Charleston Airmen Motivated by Vice Presidential Visit
By Donna Miles
American Forces Press Service
WASHINGTON, Mar. 17, 2006 An enthusiastic crowd of about 1,000 airmen, soldiers, sailors, Marines and civilians gave Vice President Dick Cheney a Lowcountry welcome as he traveled to Charleston Air Force Base, S.C., today to thank them for their support in the war on terror.
Vice President Dick Cheney thanks servicemembers at Charleston Air Force Base, S.C., and vows that the United States will see the war on terror through to success. Photo by Master Sgt. Mike Buytas, USAF
(Click photo for screen-resolution image);high-resolution image available.
Cheney visited "Team Charleston," home of the 437th Airlift Wing, to praise the airmen who have been flying transport missions supporting the war on terror. The unit flies the C-17 Globemaster III aircraft, a workhorse of operations in both Iraq and Afghanistan as it delivers troops and cargo to the theater.
The base also is home of the Air Force Reserve's 315th Airlift Wing.
The vice president met the crowd in an aircraft hanger, approaching the podium to the tune of "Hail Columbia" as Col. Glen Joerger, 437th Airlift Wing commander, introduced him to the group.
Cheney congratulated the servicemembers for their contributions in the war on terror and to humanitarian missions around the world.
"These are eventful times for our country, and Team Charleston is at the center of a great many critical assignments," Cheney told the group. "The work you do here -- every day and around the clock -- is helping to sustain the U.S. military in the war on terror. That war goes on; and thanks in part to all of you, it's a war that we're going to win."
Cheney also thanked family members who stand behind America's men and women in uniform. "Military service, both active and reserve, also makes many demands on spouses and on children," he said. "At this base, and in military communities all across the country, servicemen and women and their loved ones are making a lot of sacrifices for the nation. The American people are grateful to all of our military families."
During the ceremony, the vice president presented Bronze Stars Awards to three airmen for accomplishments during Operation Iraqi Freedom. Receiving the awards were Chief Master Sgt. Michael Schmiege of the 315th Civil Engineer Squadron, Chief Master Sgt. Ronald Owens of the 437th Mission Support Group and Tech. Sgt. Carl McCoy of the 437th Security Forces Squadron.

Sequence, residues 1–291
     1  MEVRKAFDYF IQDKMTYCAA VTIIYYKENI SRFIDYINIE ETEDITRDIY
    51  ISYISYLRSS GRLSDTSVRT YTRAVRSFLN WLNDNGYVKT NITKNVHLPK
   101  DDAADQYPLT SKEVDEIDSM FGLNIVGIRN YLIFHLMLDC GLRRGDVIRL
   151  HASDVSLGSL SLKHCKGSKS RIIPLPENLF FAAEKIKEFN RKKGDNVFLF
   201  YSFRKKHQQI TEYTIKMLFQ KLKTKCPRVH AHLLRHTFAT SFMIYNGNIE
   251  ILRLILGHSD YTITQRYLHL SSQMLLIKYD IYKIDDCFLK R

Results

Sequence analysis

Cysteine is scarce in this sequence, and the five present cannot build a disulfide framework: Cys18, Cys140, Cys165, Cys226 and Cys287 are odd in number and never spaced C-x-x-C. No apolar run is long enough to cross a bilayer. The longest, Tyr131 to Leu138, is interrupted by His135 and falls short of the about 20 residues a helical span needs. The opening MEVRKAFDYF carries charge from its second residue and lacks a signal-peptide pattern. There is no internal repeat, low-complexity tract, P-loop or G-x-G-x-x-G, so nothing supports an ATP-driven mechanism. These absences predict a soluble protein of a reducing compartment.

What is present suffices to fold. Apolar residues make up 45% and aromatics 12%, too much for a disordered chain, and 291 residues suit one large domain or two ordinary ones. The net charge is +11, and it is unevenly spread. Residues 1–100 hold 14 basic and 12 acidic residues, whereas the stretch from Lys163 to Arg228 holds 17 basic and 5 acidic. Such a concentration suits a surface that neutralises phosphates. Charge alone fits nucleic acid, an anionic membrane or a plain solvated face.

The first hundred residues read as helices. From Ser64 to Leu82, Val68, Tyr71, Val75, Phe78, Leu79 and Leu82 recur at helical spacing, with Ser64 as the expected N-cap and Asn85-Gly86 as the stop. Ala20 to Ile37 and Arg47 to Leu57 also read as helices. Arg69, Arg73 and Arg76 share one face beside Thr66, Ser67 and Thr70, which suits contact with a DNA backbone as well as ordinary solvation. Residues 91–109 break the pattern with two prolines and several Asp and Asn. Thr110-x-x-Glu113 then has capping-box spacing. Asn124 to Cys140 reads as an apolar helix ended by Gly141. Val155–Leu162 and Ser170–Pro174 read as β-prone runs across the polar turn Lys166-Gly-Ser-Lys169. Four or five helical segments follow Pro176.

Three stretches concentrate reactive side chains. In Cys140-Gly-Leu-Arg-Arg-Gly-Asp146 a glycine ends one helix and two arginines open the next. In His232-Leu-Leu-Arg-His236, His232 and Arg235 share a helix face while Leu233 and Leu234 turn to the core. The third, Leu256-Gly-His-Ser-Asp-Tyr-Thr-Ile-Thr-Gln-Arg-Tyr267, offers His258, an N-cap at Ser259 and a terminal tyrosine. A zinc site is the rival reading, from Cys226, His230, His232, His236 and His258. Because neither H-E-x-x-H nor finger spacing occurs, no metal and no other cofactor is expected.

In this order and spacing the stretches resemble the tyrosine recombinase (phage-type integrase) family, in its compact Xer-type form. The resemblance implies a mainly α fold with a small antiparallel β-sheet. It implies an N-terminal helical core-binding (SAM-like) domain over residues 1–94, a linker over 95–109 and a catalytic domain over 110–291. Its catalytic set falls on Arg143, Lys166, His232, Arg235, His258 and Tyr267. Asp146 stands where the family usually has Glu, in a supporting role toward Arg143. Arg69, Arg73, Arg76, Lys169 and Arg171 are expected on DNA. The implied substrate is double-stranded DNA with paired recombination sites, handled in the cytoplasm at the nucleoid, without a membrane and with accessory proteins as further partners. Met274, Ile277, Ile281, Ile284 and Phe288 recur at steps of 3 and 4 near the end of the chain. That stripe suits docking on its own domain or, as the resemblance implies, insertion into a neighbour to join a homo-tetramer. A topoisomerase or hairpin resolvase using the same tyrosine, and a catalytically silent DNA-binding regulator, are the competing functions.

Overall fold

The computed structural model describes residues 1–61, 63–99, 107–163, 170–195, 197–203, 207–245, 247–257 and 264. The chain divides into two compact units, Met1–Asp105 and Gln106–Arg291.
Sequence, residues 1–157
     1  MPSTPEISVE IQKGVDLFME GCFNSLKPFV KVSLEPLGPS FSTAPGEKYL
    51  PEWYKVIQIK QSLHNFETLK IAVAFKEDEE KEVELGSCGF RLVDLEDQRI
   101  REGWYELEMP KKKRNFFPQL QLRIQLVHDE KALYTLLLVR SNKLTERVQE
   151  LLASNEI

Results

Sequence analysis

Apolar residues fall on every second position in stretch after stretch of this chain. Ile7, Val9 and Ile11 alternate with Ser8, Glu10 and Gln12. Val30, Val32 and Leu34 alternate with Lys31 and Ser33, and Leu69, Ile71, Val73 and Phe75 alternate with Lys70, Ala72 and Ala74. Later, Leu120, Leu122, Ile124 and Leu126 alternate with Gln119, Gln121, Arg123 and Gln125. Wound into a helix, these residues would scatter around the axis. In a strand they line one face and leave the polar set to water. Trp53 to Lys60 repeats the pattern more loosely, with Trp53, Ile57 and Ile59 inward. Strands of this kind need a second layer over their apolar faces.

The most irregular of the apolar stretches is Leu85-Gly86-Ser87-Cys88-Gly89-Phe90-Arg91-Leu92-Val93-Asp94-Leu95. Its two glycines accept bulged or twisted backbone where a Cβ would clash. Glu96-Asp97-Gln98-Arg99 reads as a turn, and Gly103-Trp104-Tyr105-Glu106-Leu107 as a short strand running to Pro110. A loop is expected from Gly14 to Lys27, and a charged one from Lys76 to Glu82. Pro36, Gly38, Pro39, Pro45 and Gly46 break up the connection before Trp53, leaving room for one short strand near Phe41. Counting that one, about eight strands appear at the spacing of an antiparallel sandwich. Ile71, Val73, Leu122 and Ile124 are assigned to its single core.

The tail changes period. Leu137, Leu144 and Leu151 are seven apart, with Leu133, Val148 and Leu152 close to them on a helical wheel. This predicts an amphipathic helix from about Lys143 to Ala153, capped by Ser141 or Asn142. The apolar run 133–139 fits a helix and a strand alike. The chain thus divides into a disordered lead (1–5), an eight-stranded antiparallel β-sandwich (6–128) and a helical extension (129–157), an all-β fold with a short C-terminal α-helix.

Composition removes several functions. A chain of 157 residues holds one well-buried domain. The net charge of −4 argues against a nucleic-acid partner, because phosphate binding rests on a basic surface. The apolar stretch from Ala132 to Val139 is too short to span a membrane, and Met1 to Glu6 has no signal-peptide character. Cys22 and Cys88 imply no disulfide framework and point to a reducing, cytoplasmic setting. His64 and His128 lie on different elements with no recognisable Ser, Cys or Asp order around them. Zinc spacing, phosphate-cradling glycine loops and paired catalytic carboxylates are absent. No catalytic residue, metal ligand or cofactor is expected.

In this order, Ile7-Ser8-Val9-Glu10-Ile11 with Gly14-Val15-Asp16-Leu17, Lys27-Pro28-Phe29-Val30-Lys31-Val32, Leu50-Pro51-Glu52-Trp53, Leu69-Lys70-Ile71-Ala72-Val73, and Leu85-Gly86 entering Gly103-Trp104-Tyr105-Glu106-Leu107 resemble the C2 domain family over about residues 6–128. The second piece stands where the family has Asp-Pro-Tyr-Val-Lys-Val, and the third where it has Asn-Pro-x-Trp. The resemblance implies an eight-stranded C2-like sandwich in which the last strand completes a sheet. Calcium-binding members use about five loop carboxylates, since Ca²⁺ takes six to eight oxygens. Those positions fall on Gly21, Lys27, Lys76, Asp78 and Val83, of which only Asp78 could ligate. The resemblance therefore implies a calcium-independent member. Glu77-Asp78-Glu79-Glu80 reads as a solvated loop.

On the eve of the third anniversary of Operation Iraqi Freedom, Cheney noted the political successes taking place in Iraq, with a large percentage of Iraqis turning out to participate in national elections and yesterday's seating of the Iraqi parliament. He also praised advances being made by Iraq's security forces.
Senior Airman Jimmy Vines, a C-17 crew chief, told American Forces Press Service he was struck by Cheney's assertion that the United States won't put a timeline on the mission in Iraq and will see it through to success.
"Our strategy in Iraq is clear, our tactics will remain flexible, and we'll keep at the work until we finish the job," Cheney told the group. "Progress has not come easily, but it has been steady, and we can be confident going forward."
The vice president told the group terrorists look for weakness and that that the United States won't show them weakness. "And he told us that we're going to go after them so that they don't come to our streets," Vines said
Cheney said he's impressed by the armed forces and their commitment to carrying out this mission. "Each time I visit a military installation, I come away with renewed confidence in the men and women who wear the uniform of the United States," he said. "Each one of you has dedicated yourself to serving our country and its ideals, and you are meeting that commitment in a very challenging hour in American history."
Staff Sgt. Joseph Sparlin, also a C-17 maintainer, said he was struck "not so much by what (Cheney) said as by the fact that he came to our base to recognize us and thank us for what we do every day."
"It was nice to see someone at that high a level in the chain of command take time out of their schedule to tell folks basically that they're doing a good job and that he appreciates what we do," Sparlin said.
It's a message Sparlin said he and his fellow airmen hear pretty regularly from their commander and supervisors as they pull long hours on the job, but that takes on even more meaning coming from the vice president.
"He made us feel like what we're doing is making a difference and that what we're doing is for a bigger purpose," he said.
Vines agreed the vice president's visit made him feel proud of his work as an aircraft maintainer, which he admitted sometimes feels almost incidental in light of ongoing operations taking place around the world. "He made us feel really good about what we're doing for the mission every day," he said.
The vice president got a Lowcountry style reception at the Charleston base. "Everybody was whooping and hollering," Vines said. "It was really fun."